In the summer of 1846, the metropolitan of Karlovci appointed him “general vicar” to the vacant Romanian Diocese of Transylvania, seated in Sibiu; in December 1847, the “assembly” of the Transylvanian archpriests proposed him bishop, having been confirmed by the imperial Court of Vienna and ordained hierarch by the metropolitan of Karlovci, on Thomas’ Sunday, in 1848.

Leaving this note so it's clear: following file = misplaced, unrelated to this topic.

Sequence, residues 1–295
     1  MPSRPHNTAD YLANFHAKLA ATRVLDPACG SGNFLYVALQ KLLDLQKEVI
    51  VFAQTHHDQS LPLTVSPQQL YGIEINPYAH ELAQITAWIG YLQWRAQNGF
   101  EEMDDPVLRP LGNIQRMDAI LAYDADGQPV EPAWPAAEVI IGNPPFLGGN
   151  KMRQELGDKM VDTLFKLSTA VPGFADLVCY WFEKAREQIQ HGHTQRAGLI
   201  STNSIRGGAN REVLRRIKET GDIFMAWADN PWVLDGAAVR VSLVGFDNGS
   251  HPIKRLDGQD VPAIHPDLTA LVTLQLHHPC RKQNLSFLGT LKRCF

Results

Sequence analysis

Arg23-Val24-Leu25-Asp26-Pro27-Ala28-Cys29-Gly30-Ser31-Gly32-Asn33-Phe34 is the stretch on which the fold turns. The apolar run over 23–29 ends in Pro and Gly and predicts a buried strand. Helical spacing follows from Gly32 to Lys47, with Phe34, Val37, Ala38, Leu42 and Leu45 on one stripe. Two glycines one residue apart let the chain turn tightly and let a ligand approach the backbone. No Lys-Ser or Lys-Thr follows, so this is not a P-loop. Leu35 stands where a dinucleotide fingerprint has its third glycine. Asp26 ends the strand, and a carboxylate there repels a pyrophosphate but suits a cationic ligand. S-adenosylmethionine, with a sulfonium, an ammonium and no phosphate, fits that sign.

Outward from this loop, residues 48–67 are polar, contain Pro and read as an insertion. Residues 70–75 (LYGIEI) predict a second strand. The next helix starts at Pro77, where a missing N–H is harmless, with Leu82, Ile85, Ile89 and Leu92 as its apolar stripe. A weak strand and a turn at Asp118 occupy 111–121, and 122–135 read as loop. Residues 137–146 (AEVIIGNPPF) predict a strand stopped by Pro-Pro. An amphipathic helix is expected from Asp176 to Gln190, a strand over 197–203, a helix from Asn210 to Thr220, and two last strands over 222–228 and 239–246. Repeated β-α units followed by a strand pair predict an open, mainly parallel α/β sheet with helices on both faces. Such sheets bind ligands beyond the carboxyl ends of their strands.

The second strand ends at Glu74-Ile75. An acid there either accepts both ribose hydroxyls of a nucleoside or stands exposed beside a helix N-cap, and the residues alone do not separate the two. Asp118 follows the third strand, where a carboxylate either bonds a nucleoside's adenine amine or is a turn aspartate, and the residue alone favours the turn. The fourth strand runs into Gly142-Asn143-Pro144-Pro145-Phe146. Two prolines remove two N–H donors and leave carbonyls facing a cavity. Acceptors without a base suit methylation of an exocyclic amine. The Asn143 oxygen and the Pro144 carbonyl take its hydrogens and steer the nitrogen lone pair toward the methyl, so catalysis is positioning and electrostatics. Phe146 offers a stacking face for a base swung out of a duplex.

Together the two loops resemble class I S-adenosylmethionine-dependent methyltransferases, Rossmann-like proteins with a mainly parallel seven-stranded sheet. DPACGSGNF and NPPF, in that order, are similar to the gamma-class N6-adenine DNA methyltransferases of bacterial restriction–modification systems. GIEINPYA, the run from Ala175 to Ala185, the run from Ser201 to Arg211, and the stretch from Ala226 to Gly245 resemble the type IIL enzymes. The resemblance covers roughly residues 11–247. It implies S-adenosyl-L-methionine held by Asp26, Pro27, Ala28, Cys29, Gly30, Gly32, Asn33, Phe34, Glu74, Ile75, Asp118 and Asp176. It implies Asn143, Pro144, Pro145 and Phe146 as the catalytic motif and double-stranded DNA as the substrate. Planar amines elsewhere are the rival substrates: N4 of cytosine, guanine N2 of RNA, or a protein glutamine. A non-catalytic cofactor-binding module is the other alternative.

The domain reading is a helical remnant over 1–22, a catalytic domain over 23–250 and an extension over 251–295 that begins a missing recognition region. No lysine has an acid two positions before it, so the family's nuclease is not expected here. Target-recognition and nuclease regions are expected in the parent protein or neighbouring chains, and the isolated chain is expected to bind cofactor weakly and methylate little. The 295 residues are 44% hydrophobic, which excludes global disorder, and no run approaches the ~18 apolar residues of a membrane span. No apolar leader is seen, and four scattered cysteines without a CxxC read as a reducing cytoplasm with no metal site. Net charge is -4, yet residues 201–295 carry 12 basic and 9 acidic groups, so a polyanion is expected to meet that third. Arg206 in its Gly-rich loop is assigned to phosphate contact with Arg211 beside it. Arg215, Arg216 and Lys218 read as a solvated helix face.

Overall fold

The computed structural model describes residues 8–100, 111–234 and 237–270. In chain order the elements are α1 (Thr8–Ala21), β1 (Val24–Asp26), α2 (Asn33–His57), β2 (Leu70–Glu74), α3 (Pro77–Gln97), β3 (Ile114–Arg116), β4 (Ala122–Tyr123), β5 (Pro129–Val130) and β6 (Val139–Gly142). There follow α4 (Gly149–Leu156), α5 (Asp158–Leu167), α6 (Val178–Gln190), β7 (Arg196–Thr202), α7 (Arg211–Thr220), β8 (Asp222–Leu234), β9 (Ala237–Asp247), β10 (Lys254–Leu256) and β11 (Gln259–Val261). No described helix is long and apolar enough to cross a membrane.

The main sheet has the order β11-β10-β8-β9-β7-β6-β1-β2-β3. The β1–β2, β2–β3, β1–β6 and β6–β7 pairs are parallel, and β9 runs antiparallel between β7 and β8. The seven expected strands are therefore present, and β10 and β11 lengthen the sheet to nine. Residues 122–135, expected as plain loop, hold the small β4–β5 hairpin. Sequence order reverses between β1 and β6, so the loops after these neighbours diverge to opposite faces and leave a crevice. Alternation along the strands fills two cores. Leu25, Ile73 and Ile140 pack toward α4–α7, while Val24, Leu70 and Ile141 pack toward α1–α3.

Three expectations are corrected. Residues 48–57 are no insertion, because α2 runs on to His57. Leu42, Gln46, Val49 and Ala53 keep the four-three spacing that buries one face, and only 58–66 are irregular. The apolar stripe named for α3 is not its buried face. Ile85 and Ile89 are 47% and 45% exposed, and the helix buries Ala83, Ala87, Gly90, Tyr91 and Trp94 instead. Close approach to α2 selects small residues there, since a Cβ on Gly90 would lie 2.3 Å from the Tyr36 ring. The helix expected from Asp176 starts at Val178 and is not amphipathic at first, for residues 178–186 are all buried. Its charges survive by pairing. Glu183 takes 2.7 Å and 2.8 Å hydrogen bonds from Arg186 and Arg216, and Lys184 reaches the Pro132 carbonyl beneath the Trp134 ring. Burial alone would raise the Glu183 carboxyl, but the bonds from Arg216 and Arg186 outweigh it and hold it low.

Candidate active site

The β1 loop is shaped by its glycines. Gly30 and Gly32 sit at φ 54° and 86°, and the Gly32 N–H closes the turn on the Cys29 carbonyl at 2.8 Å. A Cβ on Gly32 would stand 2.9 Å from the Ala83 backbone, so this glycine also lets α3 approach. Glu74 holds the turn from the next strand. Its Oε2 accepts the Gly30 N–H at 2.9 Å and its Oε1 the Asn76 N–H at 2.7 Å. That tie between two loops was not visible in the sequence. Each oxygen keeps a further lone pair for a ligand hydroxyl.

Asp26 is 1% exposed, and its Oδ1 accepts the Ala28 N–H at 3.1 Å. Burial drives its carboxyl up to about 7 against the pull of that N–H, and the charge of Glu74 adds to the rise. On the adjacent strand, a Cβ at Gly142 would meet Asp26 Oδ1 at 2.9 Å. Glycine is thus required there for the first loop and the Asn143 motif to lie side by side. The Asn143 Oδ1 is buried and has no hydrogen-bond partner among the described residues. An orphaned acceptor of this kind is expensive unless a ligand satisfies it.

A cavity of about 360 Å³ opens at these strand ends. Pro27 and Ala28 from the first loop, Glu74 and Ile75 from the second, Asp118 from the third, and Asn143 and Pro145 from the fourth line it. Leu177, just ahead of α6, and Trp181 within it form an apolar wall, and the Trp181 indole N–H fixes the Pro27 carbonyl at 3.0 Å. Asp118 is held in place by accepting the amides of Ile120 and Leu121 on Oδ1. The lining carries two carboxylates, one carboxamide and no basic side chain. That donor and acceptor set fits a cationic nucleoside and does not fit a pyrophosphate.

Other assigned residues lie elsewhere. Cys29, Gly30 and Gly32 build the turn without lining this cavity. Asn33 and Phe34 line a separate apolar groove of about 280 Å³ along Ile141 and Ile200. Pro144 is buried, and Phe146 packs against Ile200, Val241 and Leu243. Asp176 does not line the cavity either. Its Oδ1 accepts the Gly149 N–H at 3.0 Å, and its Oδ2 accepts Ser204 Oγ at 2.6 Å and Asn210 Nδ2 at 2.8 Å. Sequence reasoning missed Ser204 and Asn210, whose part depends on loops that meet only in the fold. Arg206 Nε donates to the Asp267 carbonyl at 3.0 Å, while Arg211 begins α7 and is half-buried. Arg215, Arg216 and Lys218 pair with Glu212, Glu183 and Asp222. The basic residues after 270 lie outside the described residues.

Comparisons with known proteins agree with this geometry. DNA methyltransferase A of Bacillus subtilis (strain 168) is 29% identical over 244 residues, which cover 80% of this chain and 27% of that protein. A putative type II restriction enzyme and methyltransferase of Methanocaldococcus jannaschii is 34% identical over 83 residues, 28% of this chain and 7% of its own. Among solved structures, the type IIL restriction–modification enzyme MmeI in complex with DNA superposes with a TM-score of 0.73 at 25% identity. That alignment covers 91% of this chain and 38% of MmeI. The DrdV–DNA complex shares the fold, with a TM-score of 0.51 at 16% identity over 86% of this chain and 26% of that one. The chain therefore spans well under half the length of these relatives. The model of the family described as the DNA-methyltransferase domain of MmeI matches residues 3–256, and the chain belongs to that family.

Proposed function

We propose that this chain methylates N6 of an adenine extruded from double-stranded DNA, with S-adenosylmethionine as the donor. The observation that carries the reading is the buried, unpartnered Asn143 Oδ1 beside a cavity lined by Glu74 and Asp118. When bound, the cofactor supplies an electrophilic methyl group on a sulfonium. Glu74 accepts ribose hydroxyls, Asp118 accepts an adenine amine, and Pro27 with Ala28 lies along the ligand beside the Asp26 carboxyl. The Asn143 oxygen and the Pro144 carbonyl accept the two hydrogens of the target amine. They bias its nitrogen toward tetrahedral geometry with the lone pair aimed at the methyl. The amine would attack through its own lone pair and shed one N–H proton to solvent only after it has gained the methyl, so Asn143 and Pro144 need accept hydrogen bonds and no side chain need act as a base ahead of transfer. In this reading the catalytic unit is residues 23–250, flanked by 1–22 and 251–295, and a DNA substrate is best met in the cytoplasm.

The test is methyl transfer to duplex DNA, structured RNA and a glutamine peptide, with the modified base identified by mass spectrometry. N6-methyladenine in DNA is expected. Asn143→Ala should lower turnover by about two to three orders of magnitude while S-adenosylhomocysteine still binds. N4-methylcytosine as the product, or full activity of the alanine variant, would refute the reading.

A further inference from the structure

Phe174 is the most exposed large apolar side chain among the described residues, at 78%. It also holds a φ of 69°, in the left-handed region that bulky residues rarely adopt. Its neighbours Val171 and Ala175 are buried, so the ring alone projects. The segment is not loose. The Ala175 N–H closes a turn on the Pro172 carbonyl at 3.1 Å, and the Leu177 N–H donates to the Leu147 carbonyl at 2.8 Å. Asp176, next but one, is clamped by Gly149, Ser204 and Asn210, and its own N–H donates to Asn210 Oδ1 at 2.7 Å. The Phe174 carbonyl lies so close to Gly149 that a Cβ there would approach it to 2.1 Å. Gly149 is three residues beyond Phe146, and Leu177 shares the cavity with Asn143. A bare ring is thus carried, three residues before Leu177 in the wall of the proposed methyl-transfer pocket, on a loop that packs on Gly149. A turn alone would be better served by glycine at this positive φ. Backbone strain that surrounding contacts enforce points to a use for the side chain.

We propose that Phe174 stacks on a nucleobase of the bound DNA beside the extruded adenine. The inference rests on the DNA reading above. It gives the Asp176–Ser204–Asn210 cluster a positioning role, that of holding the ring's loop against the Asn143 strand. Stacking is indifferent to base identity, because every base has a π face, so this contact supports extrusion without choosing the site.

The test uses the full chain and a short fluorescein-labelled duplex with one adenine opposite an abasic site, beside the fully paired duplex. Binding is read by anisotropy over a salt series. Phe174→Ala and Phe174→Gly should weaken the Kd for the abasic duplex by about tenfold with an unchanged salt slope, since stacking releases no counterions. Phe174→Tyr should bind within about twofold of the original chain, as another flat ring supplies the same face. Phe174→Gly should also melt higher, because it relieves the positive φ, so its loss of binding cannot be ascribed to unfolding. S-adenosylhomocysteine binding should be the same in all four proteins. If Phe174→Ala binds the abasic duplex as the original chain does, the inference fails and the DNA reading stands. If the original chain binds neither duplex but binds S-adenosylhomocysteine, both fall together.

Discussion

He left for Sibiu just on the day of his ordination, where the Orthodox Romanians were waiting for him as for a redeemer. He engaged directly and with much devotion in all the actions of rehabilitation of the cultural and spiritual identity of the Transylvanian Romanians, first of all to recognise them as “nation” equal in rights with the Hungarians, Saxons and Székelys and to abolish serfdom. From a religious point of view, Metropolitan Andrei Şaguna fought with much courage for over 15 years, for taking the Romanian Church of Transylvania from under the jurisdiction of the Serbian Metropolitanate of Karlovci, where the imperial Court of Vienna abusively put it. He won and this fight was crowned in December 1864, when the restoration of the old Metropolitanate of Transylvania was approved (dissolved in 1701 by the state authorities of the time), and Andrei Şaguna became archbishop of Sibiu and metropolitan of the Romanians in Transylvania, Banat, and of the “Western parts” (Crişana). Then, he worked out a law known as the Organic Statute, approved by a Church National Congress in 1868, which stipulated the autonomy of this Church in relation to the state, as well as the participation of the lay people in the leadership of church life, in the administrative and economical fields. The Church of Transylvania was run in accordance with this statute until 1925, but the basic principles have been kept in the following Statutes too, up to the present.